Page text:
Wednesday, August 31, 2011

Bad Bishops Latvian Adventure

My first Latvian Gambit was against Jeffrey Moore, a star scholastic player from the "Bad Bishops" team in Philadelphia. He had come up through the famous Vaux team that had won seven consecutive National Junior High School championships (1977-1983). The Chess Drum website has a 30 year old team picture of a younger Jeffrey Moore.

Mr. Moore would sometimes visit the Chaturanga Chess Club to play simultaneous exhibitions. I played him a couple times in simuls when he was about 16-17 years old when he was already a rated expert. Moore was a good tactical player who seemed to know the main line openings fairly well. I surprise him with a rare Latvian Gambit.

As to a study of opening theory of this gambit, about all I used was the monograph by Ken Smith from Chess Digest. I had played 2-3 Latvian Gambits vs the weak computer programs Atari and Sargon in 1984, but this was the first time I played it in a live game.

Today's game began 1.e4 e5 2.Nf3 f5 3.exf5 (White does best to accept the gambit by immediately taking either on 3.exf5 or 3.Nxe5. The sharp lines 3.Bc4 and 3.d4 are also playable. Weaker are the defensive moves 3.Nc3 and 3.d3.) 3...e4 (A key difference between the Latvian Gambit and the King's Gambit is that this e-pawn push attacks a knight in the Latvian but the move is pointless after 1.e4 e5 2.f4 exf4.)

Our game continued 4.Ne5 Nf6 5.d4 (White fights for the center in a natural continuation. The critical move is 5.Be2! d6 6.Bh5+ Ke7 7.Nf7 Qe8 when White stands a little better after either 8.Nc3 or 8.Nxh8. Probably Moore did not know this line; remember it was a simul so I had much more time than he did to think.) 5...d6.

There followed 6.Ng4 Bxf5 7.Nxf6+ Qxf6 8.Nc3 c6 9.d5 c5!? (9...Nd7=) 10.Nb5 (Better seems to be 10.g4! Bg6 11.Bg2 aiming at the pawn on e4.) 10...Qe7. As the game proceeded, Black activated his bishops. White lost to a queenside mating attack.

Moore-Sawyer, Hatboro,PA simul Hatboro, 07.06.1984 begins 1.e4 e5 2.Nf3 f5 3.exf5 e4 4.Ne5 Nf6 5.d4 [5.Be2! d6 6.Bh5+ Ke7 7.Nf7 Qe8 8.Nc3 (8.Nxh8 Qxh5 9.Qxh5 Nxh5 10.g4 Nf6) 8...Nxh5 9.Nd5+ Kxf7 10.Qxh5+ g6 11.fxg6+ Kg7] 5...d6 6.Ng4 Bxf5 7.Nxf6+ Qxf6 8.Nc3 c6 9.d5 c5!? [9...Nd7=] 10.Nb5 [10.g4! Bg6 11.Bg2] 10...Qe7 11.Bf4 Qd8 12.c4 a6 13.Qa4 Kf7 14.Nc3 g5 15.Be3 Bg7 16.Qb3 Nd7 17.Be2 h5 18.0-0-0 Qe7 19.h3 Ne5 20.f4? [20.Rhe1=] 20...exf3 21.gxf3 Nxc4 22.Bxc4 Qxe3+ 23.Rd2 Bxc3 24.bxc3? [24.Qxc3 Qxc3+ 25.bxc3 Rae8-+] 24...b5 25.Be2 c4 26.Qb2 b4 27.Bxc4 bxc3 28.Qb7+? Kf6 29.Rhd1 Rhb8 0-1. White resigns 0-1

You may also like: Caro-Kann (1.e4 c6) and Queen Pawn (1.d4 d5)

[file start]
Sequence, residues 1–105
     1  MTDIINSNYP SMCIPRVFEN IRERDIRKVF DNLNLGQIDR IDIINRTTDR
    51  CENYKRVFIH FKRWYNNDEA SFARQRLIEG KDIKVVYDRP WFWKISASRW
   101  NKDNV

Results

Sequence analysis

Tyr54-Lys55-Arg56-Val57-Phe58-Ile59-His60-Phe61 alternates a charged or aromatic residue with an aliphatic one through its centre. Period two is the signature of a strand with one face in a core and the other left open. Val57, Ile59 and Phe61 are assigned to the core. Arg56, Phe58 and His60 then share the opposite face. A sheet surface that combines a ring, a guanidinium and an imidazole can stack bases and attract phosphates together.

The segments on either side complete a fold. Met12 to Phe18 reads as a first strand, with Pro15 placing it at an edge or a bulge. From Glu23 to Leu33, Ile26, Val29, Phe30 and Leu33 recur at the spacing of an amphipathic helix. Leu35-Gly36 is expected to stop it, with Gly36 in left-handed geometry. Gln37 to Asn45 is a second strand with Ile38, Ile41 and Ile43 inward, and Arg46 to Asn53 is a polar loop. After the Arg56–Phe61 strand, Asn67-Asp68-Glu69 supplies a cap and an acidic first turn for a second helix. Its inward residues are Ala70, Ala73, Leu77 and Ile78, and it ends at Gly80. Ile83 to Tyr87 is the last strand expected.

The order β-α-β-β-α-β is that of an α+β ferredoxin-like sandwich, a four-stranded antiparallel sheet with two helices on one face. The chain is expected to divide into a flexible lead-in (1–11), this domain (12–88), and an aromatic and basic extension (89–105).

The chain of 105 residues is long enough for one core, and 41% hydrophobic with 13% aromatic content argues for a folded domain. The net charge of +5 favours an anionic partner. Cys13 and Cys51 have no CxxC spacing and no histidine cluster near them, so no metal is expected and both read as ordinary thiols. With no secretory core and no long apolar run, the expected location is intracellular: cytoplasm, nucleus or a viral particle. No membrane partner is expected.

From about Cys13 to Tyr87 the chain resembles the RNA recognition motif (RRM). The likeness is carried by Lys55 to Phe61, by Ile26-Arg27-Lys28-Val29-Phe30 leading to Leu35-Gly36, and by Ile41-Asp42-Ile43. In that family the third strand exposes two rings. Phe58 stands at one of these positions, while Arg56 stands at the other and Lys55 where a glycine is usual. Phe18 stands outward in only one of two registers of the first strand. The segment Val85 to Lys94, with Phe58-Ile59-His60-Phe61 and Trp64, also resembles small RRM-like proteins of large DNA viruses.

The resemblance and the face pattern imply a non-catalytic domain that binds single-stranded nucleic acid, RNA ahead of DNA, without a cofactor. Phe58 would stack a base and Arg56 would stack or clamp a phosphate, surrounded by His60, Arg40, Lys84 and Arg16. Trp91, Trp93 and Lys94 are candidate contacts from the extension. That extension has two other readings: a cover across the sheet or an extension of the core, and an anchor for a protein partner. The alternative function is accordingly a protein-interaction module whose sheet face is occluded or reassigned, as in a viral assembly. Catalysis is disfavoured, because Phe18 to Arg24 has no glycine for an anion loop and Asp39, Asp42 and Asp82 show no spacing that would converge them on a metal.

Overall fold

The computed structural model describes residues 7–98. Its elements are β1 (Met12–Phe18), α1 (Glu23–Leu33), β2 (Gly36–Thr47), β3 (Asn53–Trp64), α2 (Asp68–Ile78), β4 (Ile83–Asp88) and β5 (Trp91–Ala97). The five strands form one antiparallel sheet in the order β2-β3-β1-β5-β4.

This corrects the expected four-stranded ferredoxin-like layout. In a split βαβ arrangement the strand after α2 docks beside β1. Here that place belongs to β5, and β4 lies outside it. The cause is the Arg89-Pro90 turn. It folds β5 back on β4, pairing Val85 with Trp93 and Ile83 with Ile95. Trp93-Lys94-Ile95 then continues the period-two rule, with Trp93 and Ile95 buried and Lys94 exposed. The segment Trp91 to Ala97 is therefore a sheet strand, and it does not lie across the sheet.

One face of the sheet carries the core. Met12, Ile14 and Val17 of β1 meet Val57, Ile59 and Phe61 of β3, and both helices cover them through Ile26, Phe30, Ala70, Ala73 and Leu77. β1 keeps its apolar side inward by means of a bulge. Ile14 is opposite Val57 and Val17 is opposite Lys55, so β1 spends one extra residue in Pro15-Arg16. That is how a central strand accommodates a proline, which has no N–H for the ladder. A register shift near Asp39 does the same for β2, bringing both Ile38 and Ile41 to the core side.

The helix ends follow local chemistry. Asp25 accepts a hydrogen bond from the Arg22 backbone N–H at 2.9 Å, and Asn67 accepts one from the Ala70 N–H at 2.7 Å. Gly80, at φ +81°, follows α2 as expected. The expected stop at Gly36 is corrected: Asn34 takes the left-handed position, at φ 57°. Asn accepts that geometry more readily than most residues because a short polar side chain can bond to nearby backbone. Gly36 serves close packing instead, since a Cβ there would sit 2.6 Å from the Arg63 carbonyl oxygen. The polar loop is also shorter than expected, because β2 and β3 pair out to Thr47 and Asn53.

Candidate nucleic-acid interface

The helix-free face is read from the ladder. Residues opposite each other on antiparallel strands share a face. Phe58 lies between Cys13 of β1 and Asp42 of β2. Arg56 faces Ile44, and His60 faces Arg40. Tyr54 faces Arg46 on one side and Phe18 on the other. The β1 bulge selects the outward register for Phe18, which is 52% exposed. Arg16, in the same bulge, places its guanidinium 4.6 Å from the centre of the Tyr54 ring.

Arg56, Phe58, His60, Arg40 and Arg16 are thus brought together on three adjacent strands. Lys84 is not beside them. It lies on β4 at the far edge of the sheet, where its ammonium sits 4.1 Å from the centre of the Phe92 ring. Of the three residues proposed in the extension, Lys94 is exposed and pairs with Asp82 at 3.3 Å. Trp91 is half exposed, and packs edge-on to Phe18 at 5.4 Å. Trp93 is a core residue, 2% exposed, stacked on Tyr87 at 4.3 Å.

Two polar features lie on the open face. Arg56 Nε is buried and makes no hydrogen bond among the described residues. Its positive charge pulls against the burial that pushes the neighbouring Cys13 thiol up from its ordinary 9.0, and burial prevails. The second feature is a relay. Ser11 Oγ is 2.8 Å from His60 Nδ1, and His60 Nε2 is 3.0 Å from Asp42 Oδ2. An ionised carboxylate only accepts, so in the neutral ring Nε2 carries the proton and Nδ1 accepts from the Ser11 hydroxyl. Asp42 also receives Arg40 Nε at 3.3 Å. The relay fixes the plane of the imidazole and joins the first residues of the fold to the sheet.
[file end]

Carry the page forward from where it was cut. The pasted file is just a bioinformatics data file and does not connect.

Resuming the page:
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Tuesday, August 30, 2011

Bacon in King's Gambit Diemer

In the December 1983 issue of Tom Purser's "BDG World" magazine, Gerard Welling comments about the Liege Open 1983 where Emil J. Diemer played. Welling wrote:

"To my surprise, Mr. Diemer played in Liege. But he is old, and with his intensive style it costs him all his energy within a few rounds..." Welling then gives the Debast-Diemer game where Diemer won with an Elephant Gambit in 26 moves in an early round. After a story regarding Diemer's lost in the third round, Welling added:

"Diemer showed some games with 1.d4 Nf6 2.f3 g6 3.e4 g6 (or d6) 4.g4!?, 1.e4 e5 2.f4 exf4 3.Nf3 Qe7, and other strange openings.
"White: 1.d4 Nf6 (1...d5 2.e4; 1...g6 2.h4) 2.f3 (or 2.Nc3 d5 3.e4 or 2...g6 3.h4) 2...g6 (2...d5 3.e4) 3.e4 d6 4.g4.
"Black: 1.e4 (1.d4 e5; 1.Nf3 f5 or Nc6; 1.c4 e5 2.Nc3 f5/2.g3 h5; 1.g3 h5; 1.b3 Nc6) 1...e5 2.f4 (2.Nf3 d5 or 2...f5; 2.d4 exd4 3.c3 Qe7!?) 2...exf4 3.Nf3 Qe7!?
"Some of these openings surely are dubious, but they show a very personal approach to the game!"

These comments by Welling, published by Purser, had a profound impact on my life. My oldest son Mark had died in November 1983, and my enthusiasm for life and chess had pretty much died too. I played very little chess from 1984-1988 (in my early 30s). When I did play, I often experimented with these Diemer variations.

One experiment was 3.Nf3 Qe7!? in the King's Gambit. I had no games on this line, so I did my own analysis (B.C. days, Before Computers). I decided to give it a try in a couple APCT corr games vs players rated above me. The main game was vs Joe Bacon. We played four other postal games about 10 years later, two drawn London Systems (where I was White) and two games in a BDG thematic event where we both won as Black.

The Bacon game begins 1.e4 e5 2.f4 exf4 3.Nf3 Qe7 (Attacking e4.) 4.Nc3 (The obvious move.) 4...d5! (Attacking e4, again! Rohricht-Sawyer, APCT corr 1986 saw 5.e5 c6 6.d4 g5 7.h4 when I blundered with 7...f6? and Rohricht crushed me, 1-0 in 16. I should have boldly pushed 7...g4! when anything could happen. The critical line from my analysis and games is 5.Nxd5 Qxe4+ 6.Qe2 Qxe2+ 7.Be2 Bd6 8.d4 Ne7! with equal chances.)

Bacon defended e4 in today's game with 5.d3 c6 (Junior 12 gives 5...Nf6!=) 6.Bxf4 Bg4 7.Qd2 Nf6 8.0-0-0. White managed an edge throughout the game. At the end Black will lose the g-pawn and White stands better. It is somewhat curious that I resigned when I did, however my APCT membership was about to run out at the end of 1986.

In 1987 I worked two full-time jobs. About the only chess I did was to continue my BDG World magazine subscription. I returned to play in late 1988 with the BDG. In 1989 I began writing my original BDG Keybook. By 1990 I was a USCF Postal Chess Master.

Bacon (2132) - Sawyer (1950), corr APCT 1986 begins 1.e4 e5 2.f4 exf4 3.Nf3 Qe7 Diemer Variation 4.Nc3 [4.d3 g5 5.Nc3 c6=; 4.d4 d5 5.e5 g5=] 4...d5! 5.d3 [5.Nxd5 Qxe4+ 6.Qe2 Qxe2+ 7.Bxe2 Bd6 8.d4 Ne7! 9.Nxf4 Bf5 10.c3 Nd7 11.0-0 0-0 12.Nd2 Rae8 13.Nc4 Bxf4 14.Bxf4 Nd5 15.Ne5 Nxf4 16.Rxf4 Be6 17.Nxd7 Bxd7 18.Bc4 c6 19.Raf1 Be6 =; 5.e5 c6 (5...d4 6.Nd5 Qd8 7.Nxf4 g5 8.Nh5 g4 9.Bc4 Nc6 10.0-0 Be6=) 6.d4 g5 7.h4 f6? (7...g4!) 8.Be2 fxe5 9.0-0 e4 10.Nxg5 Nf6 11.Bh5+ Nxh5 12.Qxh5+ Kd7 13.Rxf4 Qe8 14.Rf7+ Kd8 15.Ngxe4 Be6 16.Bg5+ 1-0. Rohricht-Sawyer, APCT corr 1986] 5...c6 [5...Nf6!=] 6.Bxf4 Bg4 7.Qd2 Nf6 8.0-0-0 d4 9.Ne2 c5 10.h3 Be6 11.Kb1 Nc6 12.g4 Qd7 13.Bg2 0-0-0 14.Ng5!? Bd6! 15.Nxe6 Qxe6 [15...fxe6 16.g5 Ne8 17.Rdf1+/=] 16.Bxd6 [16.g5 Nd7 17.h4+/=] 16...Qxd6 17.Rdf1 Ne5 18.Nf4 g5? 19.Nd5 Nxd5 20.exd5 f6 21.h4 Nxg4 22.Bh3 h5 23.hxg5 fxg5 24.Qxg5 Kb8 25.Bxg4 hxg4 26.Rxh8 Rxh8 27.a3 Rd8 28.Rf5 g3 29.Re5 g2 30.Rf5+= 1-0. Black resigns 1-0